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This past week, tickets for the 10-date, East Coast tour went on pre-sale for Tenclub members. It comes as no surprise to those who tried and failed to get tickets to Ed’s “April Fool’s Tour” or the Lollapalooza warm-up show at the Vic Theater in August of ’07 that the Tenclub online ticket system was unable to handle the volume of requests and subsequently left some members out in the cold. Unlucky fans on Synergy were rancorous, calling for the Tenclub to upgrade their servers to better meet the needs of – what was defined in threads as – “paying members”. Some even called for a boycott of the Tenclub. How does the old adage go? If you’re treated well in service you’ll tell 5 people, but if you’re treated poorly you’ll tell 50.
Perhaps the best place to begin is by honing in on the word “fair” in the context Pearl Jam ticket privileges. Certainly fair does not mean that every member is going to be able to get their hands on tickets; particularly highly sought after shows. After all, membership to the Tenclub only provides the chance to obtain fan-grade seating. Generally for the most highly sought after tickets (shows in the Northeast, Seattle, California), it’s not uncommon for pre-sales to sell out in under 10 minutes – not including tickets that pop up later on due to technical glitches. Aside from the high demand/low supply factor, there are other hands at work however. Consider this, according to a poll posted on Synergy, out of 404 respondents, 173 managed to get tickets to both nights of the MSG shows. 132 others were able to obtain tickets for one of the MSG shows. 99 tried to get tickets to either one or both nights but were unable. Clearly, the poll doesn’t cover the entire spectrum of those who attempted to obtain tickets as participation was voluntary, but let’s assume it’s an appropriate sampling. So, what does it tell us?
Well for starters, about 75% of members in this sample got tickets to at least one show. Now this gremmie is no statistical wizard, but that 3 out of every 4 member seems like good odds. Good odds are better than fair odds right? But things have changed in past 5 years.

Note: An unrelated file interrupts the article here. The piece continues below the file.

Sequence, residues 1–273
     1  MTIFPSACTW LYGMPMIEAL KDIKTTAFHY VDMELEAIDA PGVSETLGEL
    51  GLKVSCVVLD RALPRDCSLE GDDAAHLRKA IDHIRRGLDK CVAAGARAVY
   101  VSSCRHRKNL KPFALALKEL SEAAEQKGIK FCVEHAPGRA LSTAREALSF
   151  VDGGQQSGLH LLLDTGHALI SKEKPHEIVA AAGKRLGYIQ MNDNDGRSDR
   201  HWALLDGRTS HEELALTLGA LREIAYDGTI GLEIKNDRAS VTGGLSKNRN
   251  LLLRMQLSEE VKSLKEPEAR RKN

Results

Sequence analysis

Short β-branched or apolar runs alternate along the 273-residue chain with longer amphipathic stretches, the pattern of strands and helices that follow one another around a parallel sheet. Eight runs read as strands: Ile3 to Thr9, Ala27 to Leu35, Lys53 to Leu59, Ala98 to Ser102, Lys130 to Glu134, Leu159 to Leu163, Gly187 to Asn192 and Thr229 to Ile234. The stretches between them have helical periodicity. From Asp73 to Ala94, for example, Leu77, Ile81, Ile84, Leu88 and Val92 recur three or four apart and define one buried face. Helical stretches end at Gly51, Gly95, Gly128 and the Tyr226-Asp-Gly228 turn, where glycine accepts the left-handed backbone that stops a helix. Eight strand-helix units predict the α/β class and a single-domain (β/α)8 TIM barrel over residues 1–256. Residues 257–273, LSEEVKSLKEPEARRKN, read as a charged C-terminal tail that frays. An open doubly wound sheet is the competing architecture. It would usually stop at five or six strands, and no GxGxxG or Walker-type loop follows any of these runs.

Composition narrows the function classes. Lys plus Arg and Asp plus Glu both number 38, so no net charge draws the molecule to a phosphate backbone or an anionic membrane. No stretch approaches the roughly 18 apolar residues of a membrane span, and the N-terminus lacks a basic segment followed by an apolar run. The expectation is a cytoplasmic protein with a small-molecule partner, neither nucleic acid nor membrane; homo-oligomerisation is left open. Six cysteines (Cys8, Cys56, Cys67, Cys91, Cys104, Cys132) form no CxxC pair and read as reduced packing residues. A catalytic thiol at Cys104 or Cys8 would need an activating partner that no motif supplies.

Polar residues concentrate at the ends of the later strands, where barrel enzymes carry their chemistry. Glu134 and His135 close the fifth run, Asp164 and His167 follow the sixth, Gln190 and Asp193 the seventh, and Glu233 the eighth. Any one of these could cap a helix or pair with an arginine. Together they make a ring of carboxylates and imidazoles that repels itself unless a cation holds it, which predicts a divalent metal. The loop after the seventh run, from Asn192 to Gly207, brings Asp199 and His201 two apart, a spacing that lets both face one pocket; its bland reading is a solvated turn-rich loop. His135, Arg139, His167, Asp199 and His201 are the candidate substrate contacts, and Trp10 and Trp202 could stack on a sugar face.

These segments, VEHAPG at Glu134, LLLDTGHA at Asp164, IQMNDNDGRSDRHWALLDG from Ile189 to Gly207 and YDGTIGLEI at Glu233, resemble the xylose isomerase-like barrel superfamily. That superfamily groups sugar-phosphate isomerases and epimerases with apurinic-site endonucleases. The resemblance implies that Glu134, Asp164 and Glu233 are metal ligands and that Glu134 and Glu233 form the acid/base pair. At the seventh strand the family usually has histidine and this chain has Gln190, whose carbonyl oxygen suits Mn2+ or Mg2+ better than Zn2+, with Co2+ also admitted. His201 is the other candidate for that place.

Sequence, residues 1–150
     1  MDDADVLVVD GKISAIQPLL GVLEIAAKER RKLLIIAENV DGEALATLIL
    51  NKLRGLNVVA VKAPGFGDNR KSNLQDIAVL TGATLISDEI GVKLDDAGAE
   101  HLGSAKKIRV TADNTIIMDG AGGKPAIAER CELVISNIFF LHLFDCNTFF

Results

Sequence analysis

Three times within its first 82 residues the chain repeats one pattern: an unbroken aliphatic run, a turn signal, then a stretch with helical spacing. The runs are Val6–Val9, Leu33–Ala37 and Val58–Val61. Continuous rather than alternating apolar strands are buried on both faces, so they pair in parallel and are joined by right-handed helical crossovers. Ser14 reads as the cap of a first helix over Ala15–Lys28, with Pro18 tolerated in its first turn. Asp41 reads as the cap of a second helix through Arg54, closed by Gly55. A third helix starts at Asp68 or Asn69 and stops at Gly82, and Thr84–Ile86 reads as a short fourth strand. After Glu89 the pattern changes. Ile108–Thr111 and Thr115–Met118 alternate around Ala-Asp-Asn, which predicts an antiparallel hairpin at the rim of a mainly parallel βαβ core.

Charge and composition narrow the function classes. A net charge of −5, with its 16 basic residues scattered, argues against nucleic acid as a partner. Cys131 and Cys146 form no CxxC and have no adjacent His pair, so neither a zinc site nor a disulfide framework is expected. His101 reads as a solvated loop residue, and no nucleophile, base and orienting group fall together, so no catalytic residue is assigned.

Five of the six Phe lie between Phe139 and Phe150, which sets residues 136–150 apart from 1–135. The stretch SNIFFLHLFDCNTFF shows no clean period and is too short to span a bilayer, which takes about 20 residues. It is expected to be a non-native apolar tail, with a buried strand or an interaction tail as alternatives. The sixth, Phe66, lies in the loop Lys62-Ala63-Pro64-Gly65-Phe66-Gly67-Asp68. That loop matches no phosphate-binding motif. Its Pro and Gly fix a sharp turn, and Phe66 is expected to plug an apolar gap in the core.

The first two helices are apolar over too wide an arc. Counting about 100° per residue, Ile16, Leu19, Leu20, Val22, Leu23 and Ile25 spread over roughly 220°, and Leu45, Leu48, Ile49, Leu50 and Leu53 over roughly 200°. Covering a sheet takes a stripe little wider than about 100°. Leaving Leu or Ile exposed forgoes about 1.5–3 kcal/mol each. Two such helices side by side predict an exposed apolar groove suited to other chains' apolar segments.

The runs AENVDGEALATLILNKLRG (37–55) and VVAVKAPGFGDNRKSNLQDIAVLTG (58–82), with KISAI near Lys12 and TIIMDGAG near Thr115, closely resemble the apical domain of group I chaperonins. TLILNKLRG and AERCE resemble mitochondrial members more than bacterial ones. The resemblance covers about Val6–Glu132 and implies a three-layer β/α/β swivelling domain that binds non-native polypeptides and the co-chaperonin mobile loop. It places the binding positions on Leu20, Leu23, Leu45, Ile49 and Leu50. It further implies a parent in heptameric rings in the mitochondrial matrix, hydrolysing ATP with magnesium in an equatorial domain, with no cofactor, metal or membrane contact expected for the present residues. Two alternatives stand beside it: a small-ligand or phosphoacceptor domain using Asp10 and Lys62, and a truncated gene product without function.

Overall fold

Though precise figures are unavailable, a change in Ticketmaster’s own policies have reduced Tenclub’s ticket allotment for fans to around 10%. Check out this article and this one for more detail. Info on the secondary market for tickets is here. Prior to this change in policy, the demand for tickets through the Tenclub was met evenly by the supply. Testament to this are the MSG shows in 2003 where – in night two – Ed announced that the first night had 7,000+ Tenclub members in attendance and that the second night 8,000+ Tenclub members. MSG’s capacity according to their site is between 18,000 and about 20,000 depending on the event. Back in 2003 at MSG II, Tenclub was allotted about 40% of the Garden’s available tickets. In 2008, that percentage is 10%; that leaves about 2,000 tickets to the Tenclub. 2,000 tickets, 1,000 pairs (Tenclub seats only sold in pairs). 1,000 pairs, 1,000 Tenclub numbers per show receiving fan-grade seats. This is easily the factor that has had the most impact on Tenclub ticketing.
Partly, the concept of “fair” ticketing has been sandbagged from the old method of obtaining Tenclub tickets: scribble your name, address, and member number on an index card and mail it to the Tenclub, wait a few weeks, receive tickets. This method nearly guaranteed fan-grade seats (preferential treatment was given to local Tenclub members in the event of short supply). Remember though, the index card method pre-dated Ticketmaster’s revised policy; so long as you sent in the index card on time during the pre-sale window, the supply of tickets was virtually limitless. With the advent of Pearl Jam’s redesigned website, pre-sale ticketing has since been moved exclusively to the web. Ticket availability notwithstanding, the game is now who can hit the “buy” button the quickest and get through all 3 steps and earn a confirm number without the site crashing.